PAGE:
Foo foo(1);
    foos.emplace_back(unique_ptr<Foo>(new Foo(2)));

    cout << "foos size at end: " << foos.size() << endl;

    return 0;
}

(I tried adding an example of a short scoped unique_ptr being added to the vector but it caused my GCC 4.7.3 to crash when testing)

Foo 1 ctor
Foo 2 ctor
foos size at end: 1
[<-- exit happens here]
Foo 1 dtor
Foo 2 dtor

If you don't need a polymorphic container, then you can avoid the memory management overhead by just having the vector directly contain the CCSprite objects. The disadvantage to this approach is that the address of given sprites can change if you add/remove elements. If the object is non-trivial this can quickly get very expensive:

std::vector<CCSprite> sprites;
sprites.emplace_back(/* args */);
CCSprite* const first = &sprites.front();
for (size_t i = 0; i < 128; ++i) {
    sprites.emplace_back(/* args */);
}
assert(first == &sprites.front()); // probably fires.
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Please note that emplace_back is there to prevent copy-construction (if possible), by means of forwarding its arguments to the contained type's constructor, so you should use foos.emplace_back(new Foo(2)). I'm guessing you're using VS, which doesn't (didn't?) correctly implement emplace_back. –  Tom Knapen Jun 23 '13 at 21:33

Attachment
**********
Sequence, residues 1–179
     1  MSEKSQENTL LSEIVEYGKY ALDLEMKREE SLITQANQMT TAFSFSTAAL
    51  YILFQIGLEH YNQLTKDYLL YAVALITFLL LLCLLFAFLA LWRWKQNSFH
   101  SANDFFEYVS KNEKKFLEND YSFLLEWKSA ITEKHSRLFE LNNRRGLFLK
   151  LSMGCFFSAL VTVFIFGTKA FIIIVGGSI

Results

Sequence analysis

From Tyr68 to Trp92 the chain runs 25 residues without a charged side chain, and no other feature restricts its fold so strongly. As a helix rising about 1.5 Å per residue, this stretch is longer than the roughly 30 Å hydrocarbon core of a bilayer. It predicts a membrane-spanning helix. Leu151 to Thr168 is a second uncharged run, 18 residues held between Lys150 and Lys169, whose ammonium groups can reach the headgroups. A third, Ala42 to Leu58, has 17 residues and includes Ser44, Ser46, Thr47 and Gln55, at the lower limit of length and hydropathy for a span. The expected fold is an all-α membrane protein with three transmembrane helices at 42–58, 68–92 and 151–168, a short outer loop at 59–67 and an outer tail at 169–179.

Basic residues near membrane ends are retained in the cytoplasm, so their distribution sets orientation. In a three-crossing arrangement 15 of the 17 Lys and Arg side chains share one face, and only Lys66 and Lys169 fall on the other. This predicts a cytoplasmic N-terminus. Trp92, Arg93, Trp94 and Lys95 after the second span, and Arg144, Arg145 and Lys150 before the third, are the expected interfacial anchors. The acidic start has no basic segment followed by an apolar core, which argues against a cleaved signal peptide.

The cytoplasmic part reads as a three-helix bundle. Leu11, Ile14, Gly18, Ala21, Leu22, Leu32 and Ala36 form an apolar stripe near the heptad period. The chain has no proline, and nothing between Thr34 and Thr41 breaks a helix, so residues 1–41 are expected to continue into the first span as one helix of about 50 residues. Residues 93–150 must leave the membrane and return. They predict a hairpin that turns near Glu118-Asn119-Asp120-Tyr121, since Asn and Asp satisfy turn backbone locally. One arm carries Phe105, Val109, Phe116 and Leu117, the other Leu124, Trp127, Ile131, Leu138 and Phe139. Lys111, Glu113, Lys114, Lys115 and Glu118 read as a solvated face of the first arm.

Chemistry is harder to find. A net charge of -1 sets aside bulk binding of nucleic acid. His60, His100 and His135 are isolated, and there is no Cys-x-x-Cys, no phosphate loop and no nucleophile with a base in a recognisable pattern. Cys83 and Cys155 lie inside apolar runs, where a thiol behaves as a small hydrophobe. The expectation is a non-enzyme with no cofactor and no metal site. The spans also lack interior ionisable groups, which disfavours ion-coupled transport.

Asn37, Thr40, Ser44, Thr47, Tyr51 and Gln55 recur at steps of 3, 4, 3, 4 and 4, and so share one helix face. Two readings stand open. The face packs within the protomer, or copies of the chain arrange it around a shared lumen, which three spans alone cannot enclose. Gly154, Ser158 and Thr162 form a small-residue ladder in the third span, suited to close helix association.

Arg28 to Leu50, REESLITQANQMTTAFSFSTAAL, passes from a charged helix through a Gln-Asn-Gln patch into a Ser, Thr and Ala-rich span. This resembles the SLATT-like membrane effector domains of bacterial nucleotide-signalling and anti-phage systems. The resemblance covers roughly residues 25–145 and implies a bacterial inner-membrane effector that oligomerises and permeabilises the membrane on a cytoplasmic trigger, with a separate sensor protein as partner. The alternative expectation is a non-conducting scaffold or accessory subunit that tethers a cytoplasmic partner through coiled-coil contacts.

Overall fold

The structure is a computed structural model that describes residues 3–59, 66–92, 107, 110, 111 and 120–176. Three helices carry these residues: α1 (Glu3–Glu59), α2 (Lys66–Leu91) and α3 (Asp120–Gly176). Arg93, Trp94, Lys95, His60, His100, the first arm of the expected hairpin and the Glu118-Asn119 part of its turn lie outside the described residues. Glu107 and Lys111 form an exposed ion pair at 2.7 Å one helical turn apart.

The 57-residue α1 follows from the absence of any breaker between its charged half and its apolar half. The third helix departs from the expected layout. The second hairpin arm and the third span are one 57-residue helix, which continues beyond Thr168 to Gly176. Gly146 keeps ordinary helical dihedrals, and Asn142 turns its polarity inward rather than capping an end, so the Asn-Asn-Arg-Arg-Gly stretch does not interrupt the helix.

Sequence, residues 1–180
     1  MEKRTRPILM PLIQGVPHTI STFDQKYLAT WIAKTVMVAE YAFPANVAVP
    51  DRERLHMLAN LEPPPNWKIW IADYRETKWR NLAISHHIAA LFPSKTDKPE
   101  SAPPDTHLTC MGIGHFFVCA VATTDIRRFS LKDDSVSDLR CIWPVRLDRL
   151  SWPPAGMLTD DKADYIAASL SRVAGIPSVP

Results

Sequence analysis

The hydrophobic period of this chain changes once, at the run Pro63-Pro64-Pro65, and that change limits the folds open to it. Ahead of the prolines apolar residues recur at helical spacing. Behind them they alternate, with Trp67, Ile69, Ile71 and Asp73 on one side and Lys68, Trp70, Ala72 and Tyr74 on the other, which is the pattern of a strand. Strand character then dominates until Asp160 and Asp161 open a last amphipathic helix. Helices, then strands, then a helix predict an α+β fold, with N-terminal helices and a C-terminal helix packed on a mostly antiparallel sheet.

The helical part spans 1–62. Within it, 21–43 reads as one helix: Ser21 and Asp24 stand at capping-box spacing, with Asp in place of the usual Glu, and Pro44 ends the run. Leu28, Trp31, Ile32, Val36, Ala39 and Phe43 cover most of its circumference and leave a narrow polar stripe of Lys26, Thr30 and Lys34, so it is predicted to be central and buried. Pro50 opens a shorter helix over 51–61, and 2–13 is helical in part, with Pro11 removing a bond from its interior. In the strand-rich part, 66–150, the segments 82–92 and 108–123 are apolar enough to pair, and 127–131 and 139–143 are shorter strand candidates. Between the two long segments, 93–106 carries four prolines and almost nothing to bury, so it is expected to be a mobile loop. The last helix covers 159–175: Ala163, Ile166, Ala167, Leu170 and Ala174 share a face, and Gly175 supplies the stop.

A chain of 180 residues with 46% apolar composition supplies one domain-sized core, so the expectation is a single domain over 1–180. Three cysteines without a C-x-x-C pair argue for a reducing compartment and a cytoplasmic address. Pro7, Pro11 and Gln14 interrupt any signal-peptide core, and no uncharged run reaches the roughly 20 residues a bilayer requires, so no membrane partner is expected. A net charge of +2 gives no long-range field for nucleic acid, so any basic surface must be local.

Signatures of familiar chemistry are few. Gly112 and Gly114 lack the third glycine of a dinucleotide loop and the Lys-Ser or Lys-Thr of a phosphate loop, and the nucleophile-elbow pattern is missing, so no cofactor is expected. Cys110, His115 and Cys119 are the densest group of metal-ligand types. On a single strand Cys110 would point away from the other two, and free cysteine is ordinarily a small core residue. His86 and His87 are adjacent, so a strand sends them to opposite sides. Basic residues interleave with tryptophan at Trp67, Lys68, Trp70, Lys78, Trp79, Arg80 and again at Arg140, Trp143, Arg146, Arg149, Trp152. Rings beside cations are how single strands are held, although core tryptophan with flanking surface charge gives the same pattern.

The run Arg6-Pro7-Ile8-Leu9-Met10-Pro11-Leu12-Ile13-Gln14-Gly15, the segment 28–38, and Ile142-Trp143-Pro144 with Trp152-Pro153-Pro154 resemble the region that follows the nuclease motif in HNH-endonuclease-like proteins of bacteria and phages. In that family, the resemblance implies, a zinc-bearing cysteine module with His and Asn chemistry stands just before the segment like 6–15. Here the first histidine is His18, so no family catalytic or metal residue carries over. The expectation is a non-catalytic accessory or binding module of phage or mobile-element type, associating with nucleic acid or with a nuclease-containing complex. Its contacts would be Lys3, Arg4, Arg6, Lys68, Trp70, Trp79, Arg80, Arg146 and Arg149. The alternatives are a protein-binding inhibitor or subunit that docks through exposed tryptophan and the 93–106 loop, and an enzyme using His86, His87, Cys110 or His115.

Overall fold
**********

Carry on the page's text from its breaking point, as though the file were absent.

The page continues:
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If CCSprite has an expensive move constructor then vector<CCSprite> will perform worse then vector<CCSprite*>, as when it grows past certain bounds the elements are move constructed to new storage. –  Andrew Tomazos Jun 23 '13 at 21:42
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@jogojapan O:) I have now :) Also, I'd best go read up on make_unique. –  kfsone Jun 24 '13 at 2:40
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@TomKnapen: Please don't pass a raw pointer into emplace_back! If the vector reallocates and the realloc throws an exception (for whatever reason), the memory is leaked, as it isn't owned by a unique_ptr yet. Only do .emplace_back(std::unique_ptr<Foo>(new Foo(...))); please. –  Xeo Jun 25 '13 at 10:09
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@kfsone: No, unique_ptr ctor is guaranteed noexcept. We want make_unique in the case of multiple arguments to, say, emplace_back, because the construction of the "sub"arguments (new Stuffs) are unsequenced, meaning it could allocate one, then try the next, that could fail and the memory would leak, because the first one wasn't yet bound to the unique_ptr. With make_unique, the allocation happens inside the function and is as such sequenced. –  Xeo Jun 25 '13 at 22:24